Hutchinson to join Renovo; Vernalis suffers his loss
BERKSHIRE, England Renovo has created a new position entitled chief medical officer and executive board director for John Hutchinson, the former developmental developed for Vernalis.
Renovo has just recently signed a deal with Shire to co-develop a new anti-scarring drug, Juvista. The deal could be worth as much as $825 million with sales estimated to generate as much as $4 billion per year.
Hutchinson leaves Vernalis at a difficult time, as the company is dealing with a decision from U.S. regulators to delay a decision on its menstrual migraine drug Frova for the second time.
Renovo said that they have offered Hutchinson equity stake in the company.
NACDS applauds Senate efforts to delay tamper-resistant prescription paper deadline
ALEXANDRIA, Va. The National Association of Chain Drug Stores on Tuesday applauded the Senate passage of a bill that will delay the use of tamper-resistant prescription paper for Medicaid prescriptions.
At Tuesday night’s meeting, Senators Sherrod Brown and George Voinovich (D and R-Ohio, respectively), introduced their legislation, which provides a six-month delay to the Oct. 1 implementation date requiring all Medicaid prescriptions to be written on tamper-resistant prescription paper.
The anti-fraud legislation was created as a provision in an Iraq war bill, which was passed in May. The NACDS has said that though it supports efforts to curb fraud and abuse, they also believe that four months is not enough time for physicians across the country to comply with such a widespread change. As a result, the NACDS applauded the Senate’s efforts to impede the new policy.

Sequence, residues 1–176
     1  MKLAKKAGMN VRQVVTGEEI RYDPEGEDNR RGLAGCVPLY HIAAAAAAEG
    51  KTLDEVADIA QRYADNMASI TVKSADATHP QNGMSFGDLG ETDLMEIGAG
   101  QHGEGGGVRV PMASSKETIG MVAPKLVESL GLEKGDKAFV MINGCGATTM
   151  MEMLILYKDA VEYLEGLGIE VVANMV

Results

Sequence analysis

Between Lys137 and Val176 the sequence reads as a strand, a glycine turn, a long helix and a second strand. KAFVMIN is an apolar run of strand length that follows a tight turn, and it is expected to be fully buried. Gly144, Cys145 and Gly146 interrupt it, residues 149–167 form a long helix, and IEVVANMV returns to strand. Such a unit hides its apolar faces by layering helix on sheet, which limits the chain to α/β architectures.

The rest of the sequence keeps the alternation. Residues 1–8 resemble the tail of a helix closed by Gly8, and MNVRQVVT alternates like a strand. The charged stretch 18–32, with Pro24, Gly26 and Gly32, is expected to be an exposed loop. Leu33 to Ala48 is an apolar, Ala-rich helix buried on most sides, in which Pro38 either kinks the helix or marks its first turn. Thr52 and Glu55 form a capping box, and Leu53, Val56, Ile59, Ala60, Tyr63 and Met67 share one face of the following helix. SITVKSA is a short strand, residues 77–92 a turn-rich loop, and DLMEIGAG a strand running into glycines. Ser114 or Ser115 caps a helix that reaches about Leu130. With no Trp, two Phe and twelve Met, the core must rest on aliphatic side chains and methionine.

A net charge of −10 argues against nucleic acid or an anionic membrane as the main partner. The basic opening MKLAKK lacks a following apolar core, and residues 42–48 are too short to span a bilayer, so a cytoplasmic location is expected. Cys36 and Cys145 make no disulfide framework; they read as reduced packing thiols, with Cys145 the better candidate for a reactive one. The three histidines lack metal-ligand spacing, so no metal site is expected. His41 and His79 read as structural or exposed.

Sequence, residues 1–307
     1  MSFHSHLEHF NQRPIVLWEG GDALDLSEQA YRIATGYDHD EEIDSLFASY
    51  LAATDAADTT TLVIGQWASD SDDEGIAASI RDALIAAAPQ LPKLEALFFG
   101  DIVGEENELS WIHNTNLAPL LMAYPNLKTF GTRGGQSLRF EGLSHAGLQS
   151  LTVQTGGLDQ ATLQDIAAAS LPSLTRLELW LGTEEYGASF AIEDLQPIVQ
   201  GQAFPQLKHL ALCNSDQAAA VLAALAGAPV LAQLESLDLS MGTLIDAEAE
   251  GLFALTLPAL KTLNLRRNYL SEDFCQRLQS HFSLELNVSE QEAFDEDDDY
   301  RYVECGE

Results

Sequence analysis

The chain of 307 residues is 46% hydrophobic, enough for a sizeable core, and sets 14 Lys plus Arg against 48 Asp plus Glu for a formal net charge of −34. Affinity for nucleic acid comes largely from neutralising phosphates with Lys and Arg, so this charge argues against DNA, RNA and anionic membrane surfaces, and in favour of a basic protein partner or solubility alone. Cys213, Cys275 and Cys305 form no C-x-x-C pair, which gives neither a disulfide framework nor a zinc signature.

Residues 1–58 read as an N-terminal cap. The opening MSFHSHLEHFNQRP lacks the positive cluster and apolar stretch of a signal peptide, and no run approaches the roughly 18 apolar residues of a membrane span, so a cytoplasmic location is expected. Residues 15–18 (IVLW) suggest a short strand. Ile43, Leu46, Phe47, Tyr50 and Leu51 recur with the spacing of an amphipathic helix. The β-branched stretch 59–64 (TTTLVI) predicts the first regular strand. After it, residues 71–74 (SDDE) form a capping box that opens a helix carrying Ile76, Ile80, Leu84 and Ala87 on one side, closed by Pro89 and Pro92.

NACDS also said that after working with the National Community Pharmacy Association to address the change, they found that more than 535,000 Medicaid physicians validated the concern that many are not aware of this requirement or what they need to do to be in compliance.
“Pharmacists take great pride in their work and serving their patients,” said NACDS president and chief executive officer Steve Anderson. “The possibility of pharmacists being forced to turn away patients from receiving their medication is an unacceptable risk and one that pharmacists should not have to make.”
Suit vs. big drug wholesaler can go forward, judge rules
NEW YORK A class-action suit against McKesson Corp. can go forward, a federal judge has ruled, allowing consumers in the suit to pursue claims that the health care service and drug distribution giant engaged in a pricing fraud.
According to a report from the Reuters news agency, U.S. District Court Judge Patti Saris certified the suit after concluding that the plaintiffs in the case had a “persuasive argument” in alleging that McKesson and First Databank together set an artificially high average wholesale price for drugs reimbursed by Medicaid and private insurers. Among the plaintiff class are consumers who made co-payments on branded prescription drugs between 2001 and 2005, according to the report.
McKesson does not comment on pending litigation.